Come on Down for the Big Cozy Sheep Parade
Every October, fans of sheep and all things fluffy flock to Idaho.
Imagine a dream where, instead of counting sheep one by one, you’re wrapped in a gentle fuzzy hug by a whole flock. There’s hundreds of them: wooly, soft, baaa-ing little songs into the sky, keeping you ecstatically cozy with their tufts of fleece... kind of like this dog.
This comfy dream could soon be a reality. From October 5-9th, in an explosion of all things flocculent, the Trailing of the Sheep festival is taking over Idaho’s Sun Valley.
The festival celebrates the 160-year old tradition of sheepherding in southwest Idaho. In the early 1900’s, the state’s sheep population reached six times its human population (the region has since recovered the proper human-sheep balance).
The town of Ketchum was second to only Sydney, Australia, in sheep breeding and exporting, with immigrants flocking from Scotland and Spain’s Basque region to find fortune in sheep. (Today, most herders in the region are Peruvian, Mexican, and Chilean.)
The annual Trailing of the Sheep festival celebrates all aspects of the trade. In addition to exhibits on the history of Sun Valley, you can catch farm-to-table dinners, wool crafting and cheese-making classes, storytelling by author Gretel Ehrlich, and a folklife fair with Scottish bagpipers and Peruvian and Basque dancers and musicians.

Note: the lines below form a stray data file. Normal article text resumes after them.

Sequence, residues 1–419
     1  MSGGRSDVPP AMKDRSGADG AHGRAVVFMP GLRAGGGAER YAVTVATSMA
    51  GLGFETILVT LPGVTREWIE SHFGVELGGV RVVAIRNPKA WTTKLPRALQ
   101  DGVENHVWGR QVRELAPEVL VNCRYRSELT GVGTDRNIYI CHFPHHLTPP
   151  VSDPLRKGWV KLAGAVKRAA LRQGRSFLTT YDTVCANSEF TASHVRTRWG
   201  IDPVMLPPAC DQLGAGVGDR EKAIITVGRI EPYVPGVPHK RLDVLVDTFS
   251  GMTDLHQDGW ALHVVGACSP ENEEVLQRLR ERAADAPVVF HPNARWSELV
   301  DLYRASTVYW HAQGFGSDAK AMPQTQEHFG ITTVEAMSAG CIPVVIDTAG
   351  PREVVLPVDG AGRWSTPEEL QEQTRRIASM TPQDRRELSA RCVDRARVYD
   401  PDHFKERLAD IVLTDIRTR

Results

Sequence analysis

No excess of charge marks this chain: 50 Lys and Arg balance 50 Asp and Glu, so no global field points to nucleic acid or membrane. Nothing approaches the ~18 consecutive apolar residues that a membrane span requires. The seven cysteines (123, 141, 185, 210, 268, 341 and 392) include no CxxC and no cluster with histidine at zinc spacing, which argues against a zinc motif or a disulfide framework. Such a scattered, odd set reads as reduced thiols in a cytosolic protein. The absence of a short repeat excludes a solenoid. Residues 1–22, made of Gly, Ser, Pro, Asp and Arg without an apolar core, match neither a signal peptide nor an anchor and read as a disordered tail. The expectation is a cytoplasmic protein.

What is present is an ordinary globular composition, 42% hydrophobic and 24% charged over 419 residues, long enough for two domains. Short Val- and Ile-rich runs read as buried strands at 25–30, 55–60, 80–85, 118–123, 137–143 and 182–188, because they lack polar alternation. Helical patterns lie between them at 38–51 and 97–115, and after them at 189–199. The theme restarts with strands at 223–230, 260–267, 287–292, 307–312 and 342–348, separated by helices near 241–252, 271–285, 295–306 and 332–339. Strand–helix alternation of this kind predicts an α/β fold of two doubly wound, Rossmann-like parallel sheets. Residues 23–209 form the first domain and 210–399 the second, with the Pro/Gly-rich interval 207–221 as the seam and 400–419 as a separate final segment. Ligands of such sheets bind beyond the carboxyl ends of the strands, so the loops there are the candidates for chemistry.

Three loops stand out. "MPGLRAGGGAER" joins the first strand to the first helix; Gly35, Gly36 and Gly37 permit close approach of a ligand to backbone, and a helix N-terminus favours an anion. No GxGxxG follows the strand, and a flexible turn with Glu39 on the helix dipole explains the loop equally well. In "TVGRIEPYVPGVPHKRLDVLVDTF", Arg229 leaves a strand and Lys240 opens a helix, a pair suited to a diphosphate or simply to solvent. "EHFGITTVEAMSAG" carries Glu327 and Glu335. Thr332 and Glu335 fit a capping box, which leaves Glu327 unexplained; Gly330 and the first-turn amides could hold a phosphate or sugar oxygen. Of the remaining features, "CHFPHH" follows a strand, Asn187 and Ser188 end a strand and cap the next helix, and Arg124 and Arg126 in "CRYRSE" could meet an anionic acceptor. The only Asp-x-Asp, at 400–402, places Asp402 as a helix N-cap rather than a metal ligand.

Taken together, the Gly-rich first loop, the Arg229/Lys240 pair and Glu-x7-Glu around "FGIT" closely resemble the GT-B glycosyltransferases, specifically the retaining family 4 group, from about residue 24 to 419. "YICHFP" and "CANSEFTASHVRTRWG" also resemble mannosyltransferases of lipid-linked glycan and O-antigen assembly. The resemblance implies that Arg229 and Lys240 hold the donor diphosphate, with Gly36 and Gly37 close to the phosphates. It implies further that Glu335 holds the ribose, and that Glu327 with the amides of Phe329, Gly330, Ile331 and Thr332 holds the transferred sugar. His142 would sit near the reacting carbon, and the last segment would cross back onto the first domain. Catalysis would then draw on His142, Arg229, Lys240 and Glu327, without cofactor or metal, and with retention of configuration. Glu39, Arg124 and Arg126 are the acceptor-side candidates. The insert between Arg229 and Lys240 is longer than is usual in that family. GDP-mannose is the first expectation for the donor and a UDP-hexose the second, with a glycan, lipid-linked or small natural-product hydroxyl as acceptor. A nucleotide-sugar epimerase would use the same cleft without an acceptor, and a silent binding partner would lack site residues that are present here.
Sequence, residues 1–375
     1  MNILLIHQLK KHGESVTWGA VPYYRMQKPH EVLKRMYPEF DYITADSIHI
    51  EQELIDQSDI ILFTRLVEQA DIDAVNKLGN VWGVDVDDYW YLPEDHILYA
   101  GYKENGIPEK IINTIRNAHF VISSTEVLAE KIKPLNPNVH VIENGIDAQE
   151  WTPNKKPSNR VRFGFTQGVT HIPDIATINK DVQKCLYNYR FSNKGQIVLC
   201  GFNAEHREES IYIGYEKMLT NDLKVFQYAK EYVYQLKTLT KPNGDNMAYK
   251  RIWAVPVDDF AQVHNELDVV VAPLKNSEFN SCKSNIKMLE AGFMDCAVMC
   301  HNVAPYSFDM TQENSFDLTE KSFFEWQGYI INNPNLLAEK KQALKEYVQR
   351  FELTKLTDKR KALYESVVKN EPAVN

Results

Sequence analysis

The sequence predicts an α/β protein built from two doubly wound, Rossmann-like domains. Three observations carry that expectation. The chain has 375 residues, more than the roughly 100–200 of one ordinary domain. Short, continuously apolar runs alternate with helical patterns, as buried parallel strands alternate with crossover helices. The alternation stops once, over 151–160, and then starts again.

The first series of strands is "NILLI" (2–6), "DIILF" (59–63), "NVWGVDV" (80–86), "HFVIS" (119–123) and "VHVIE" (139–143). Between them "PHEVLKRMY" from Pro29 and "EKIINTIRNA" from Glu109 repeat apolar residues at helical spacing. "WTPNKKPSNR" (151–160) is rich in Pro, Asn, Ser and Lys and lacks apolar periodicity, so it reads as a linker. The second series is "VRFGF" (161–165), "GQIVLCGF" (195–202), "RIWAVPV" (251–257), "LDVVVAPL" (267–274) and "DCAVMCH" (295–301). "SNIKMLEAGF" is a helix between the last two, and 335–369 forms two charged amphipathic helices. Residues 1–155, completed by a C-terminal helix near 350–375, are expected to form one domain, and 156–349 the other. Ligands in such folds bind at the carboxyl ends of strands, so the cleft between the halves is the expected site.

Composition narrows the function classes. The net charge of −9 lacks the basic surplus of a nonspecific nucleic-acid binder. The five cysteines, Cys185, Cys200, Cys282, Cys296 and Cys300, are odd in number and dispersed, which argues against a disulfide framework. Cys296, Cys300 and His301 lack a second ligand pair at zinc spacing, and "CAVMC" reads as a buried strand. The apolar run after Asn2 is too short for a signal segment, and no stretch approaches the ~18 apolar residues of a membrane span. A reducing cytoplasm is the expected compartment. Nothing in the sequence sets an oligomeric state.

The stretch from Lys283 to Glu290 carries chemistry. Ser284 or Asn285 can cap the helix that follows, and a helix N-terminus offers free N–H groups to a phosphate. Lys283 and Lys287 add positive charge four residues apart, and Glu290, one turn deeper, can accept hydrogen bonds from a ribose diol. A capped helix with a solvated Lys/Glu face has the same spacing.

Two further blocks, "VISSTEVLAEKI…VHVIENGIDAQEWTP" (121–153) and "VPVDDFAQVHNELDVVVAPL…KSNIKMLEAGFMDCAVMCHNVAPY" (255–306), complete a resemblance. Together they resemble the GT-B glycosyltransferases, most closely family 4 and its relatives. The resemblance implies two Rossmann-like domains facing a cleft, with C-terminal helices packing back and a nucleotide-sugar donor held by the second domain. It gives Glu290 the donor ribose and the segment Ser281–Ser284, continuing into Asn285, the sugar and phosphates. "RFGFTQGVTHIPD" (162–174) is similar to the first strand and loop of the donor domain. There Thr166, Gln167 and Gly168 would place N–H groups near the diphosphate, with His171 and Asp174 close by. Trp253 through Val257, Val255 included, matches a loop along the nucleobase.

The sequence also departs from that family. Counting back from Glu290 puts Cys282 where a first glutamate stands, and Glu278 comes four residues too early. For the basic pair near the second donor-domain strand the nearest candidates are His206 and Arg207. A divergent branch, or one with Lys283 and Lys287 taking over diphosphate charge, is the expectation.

Root for your favorite pup at the sheepdog trials, watch a shearing demonstration, then pepper the sheepmen (their term) with all your questions at a free sheep ranching Q&A. You can also take a guided hike with the herders to learn all about the diminishing art of arborglyphs: carvings in the Aspen trees that the Basque sheepherders of olden days doodled to pass the time.
And then, the main attraction: The Big Sheep Parade, where upwards of 1,500 fuzzy pals march down the main street of Ketchum, a pedestrian-friendly thoroughfare with throwback log cabin-like storefronts and in the distance, the peaks of the surrounding mountains. Sheep are accompanied by historic wagons, folk dancers, bagpipes, and herders, who at this point may as well be celebrities.
More than an adorable spectacle, this is a portion of the sheep’s actual annual migration. Each spring they head north from the lower elevations of the Snake River Plain to higher mountain pastures. In the fall they reverse the route, just when we’re ready to embrace the cool-weather wool life.
Visitors are asked to leave their dogs at home and sadly, as much as we’d love to jump into the middle of all that fluff, walk behind the animals. Apparently, “it will frighten the sheep.”